Nicola Piovani was born on May 26, 1946 in Rome, where he has  lived and worked ever since. He is a musician (pianist, conductor, composer of film and theatre scores, songs, chamber music and symphonies).

He received his piano diploma from the “G. Verdi” Conservatory in Milan.

Among those who encouraged him  in composition was the greek composer Manos Hadjidakis.  Nicola’s father Alberico,  used to play in the local band when he was young, in his hometown of Corchiano, near Rome. There was always music in their house:  accordions, mandolins, trumpets, guitars, an authentic amateur family passion.

<<” I remember an accordion teacher who used to come and teach at our  home.  From our balcony, I would see him drive up on an old Guzzetto moped,  with the accordion slung over his shoulder.  He used to teach me some paraphrases from Traviata, arrangements of Pasodoble and a very pompous unforgettable march called, if I remember correctly, “Pietro ritorna”.    I watched him play with a kind of Dionysiac admiration.

Years later, memories  flooded back  when I found myself on the Island of Crete for the Heraklion Festival.  I was to perform a concert on the evening following Astor Piazzolla. The rehearsals took place during the evenings, due to the high temperatures by day.

I was invited to watch  Piazzolla’s rehearsals,  with strings and percussions,  conducted by Manos Hadjidakis.  I was mesmerized watching  the great artist’s fingers running all over the keyboard.   Inebriated by the strong scent of  jasmine, my mind went back to that teacher, on the moped so many years ago, with his candour heroic yet ordinary.  By now,  I was listening with less candour but with a greater ability to analyse.  I was in front of one of the greatest musicians of the century, but the wonder and the excitement were just the same as they were  when I was a child. All this was due, of course, to these two sublime artists, Piazzolla and Hadjidakis.”>>


 Much of Nicola Piovani’s work has been dedicated to film and to theatre, between which his passion is divided.   Initially Film took up most of  his time, but, over the years, he conceded himself the luxury  (as he defines it)  of dedicating his time  to  performing music in theatres, which now occupies most of his time.


<<” I hadn’t  yet turned five, when I was taken to a type of Variety show for the first time.  I still remember the venue, the Cinema/Teatro  Castello, at Porta Castello, a stone’s throw away from Saint Peter’s Basilica.  During the shows I would sit by the Orchestra pit…drums, piano, trumpets… a cornucopia of childlike wonder and  sacred emotion which left me  feeling far more elated than even  the attic of Adrian Leverkuhn by Thomas Mann.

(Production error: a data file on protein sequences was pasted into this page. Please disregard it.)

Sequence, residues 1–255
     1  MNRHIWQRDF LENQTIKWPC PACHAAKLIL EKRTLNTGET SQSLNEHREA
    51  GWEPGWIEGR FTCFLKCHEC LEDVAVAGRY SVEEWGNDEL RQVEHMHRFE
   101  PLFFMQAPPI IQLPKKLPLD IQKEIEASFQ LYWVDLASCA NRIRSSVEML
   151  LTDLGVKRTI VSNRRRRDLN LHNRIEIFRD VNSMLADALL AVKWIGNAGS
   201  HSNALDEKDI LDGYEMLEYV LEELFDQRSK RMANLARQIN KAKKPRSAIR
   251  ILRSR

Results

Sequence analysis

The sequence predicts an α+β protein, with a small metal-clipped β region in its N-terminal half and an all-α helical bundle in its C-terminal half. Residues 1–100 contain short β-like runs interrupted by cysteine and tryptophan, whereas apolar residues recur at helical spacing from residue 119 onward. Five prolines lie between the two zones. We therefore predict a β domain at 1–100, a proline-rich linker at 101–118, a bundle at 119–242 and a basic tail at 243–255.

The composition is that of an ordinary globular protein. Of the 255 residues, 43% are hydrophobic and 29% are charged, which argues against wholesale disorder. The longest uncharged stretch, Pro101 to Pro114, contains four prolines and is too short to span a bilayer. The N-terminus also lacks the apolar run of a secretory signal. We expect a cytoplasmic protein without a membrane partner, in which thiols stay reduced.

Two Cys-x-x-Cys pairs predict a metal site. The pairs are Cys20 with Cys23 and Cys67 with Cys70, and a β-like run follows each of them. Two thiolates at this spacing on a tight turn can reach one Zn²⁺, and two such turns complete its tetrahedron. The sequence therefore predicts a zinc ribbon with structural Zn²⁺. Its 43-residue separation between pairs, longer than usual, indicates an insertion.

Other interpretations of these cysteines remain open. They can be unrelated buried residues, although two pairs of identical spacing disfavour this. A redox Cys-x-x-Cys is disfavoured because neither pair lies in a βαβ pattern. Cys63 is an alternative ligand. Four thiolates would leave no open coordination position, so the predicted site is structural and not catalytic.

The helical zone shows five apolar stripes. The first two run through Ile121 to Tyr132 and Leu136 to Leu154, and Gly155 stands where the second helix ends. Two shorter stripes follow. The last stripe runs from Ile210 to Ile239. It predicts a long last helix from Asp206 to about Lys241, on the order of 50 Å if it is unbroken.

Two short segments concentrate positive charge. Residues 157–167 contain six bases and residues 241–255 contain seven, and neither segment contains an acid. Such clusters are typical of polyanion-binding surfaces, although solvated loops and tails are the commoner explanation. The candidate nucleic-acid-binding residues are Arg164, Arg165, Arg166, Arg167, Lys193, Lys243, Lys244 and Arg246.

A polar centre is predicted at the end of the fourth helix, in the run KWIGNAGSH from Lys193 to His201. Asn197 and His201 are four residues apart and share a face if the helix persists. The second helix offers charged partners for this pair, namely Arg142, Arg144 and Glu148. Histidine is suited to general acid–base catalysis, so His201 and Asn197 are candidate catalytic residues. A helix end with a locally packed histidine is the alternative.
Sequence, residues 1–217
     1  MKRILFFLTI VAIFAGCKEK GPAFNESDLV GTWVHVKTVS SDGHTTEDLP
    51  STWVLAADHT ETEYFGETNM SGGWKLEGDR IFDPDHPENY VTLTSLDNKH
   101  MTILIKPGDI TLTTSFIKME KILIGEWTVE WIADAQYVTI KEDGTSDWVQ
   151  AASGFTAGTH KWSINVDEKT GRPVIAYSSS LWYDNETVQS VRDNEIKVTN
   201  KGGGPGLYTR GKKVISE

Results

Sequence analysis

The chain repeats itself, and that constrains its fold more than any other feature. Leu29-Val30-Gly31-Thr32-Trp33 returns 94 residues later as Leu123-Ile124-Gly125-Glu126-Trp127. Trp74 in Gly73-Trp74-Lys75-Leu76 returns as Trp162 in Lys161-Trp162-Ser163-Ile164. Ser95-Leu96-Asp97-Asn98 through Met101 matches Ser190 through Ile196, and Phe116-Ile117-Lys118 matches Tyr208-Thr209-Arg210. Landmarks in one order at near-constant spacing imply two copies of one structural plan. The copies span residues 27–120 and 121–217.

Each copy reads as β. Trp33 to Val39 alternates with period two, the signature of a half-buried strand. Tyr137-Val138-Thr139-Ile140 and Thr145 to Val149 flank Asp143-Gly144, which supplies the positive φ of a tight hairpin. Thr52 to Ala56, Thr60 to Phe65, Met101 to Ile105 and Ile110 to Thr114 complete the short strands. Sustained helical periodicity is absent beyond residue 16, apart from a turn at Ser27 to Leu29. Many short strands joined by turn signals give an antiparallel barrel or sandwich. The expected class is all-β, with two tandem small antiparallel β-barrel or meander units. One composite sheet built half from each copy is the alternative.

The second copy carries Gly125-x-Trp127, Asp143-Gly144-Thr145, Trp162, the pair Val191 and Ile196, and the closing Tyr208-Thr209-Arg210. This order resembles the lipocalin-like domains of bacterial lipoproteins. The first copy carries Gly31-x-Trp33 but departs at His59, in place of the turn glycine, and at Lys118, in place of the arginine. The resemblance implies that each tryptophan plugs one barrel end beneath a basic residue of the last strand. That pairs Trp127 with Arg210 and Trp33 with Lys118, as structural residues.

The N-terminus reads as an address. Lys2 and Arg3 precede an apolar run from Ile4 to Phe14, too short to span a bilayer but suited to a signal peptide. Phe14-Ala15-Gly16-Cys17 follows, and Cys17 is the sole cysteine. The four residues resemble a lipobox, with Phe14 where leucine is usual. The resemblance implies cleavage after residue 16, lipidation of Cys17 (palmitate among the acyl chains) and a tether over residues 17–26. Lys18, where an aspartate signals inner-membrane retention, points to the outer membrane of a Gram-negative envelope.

At sixteen I discovered Film,   known as the Seventh Art  when, by chance,  I went to a “Cinema d’essai”,  where I saw, the “Seventh Seal” by Bergman for the first of many times. This ignited the Spark, the Passion and the Desire: what could be better than being involved  in Film? After only a few years, Good Luck  helped me to achieve what I wanted most”>>

His first soundtrack dates back to 1968. It was  written to accompany documentary footage of  the student movements connected to the  faculty of Philosophy where he was a student.

The footage  was made   by a students’ collective under the direction of Silvano Agosti.   Piovani’s  debut in full length soundtrack was to take place the following year with “NP il segreto” by Silvano Agosti. 


<<” The title of the first feature film for which I composed the music corresponded with my initials,  NP, however this was only a coincidence. Agosti never revealed the reason for such a title, which he had already chosen before he  engaged me to write the music. I am not superstitious, except in jest, but I still hold that coincidence in my heart  like a lucky charm which has brought me good fortune.”>>


After NP, Nicola began a career which led him to write scores for more than a hundred and fifty films, and to collaborate with the most important Italian directors. Amongst others Bellocchio, Monicelli, Taviani brothers, Moretti, Loy, Tornatore, Benigni and even Federico Fellini, who engaged the composer for his last three films. Foreign directors with whom he has collaborated include Ben Von Verbong, Pàl Gàbor, Dusan Makavejev, Bigas Luna, Jos Stelling, John Irvin, Sergej Bodrov, Eric-Emmanuel Schmitt, Philippe Lioret, Danièle Thompson, Xavier Durringer.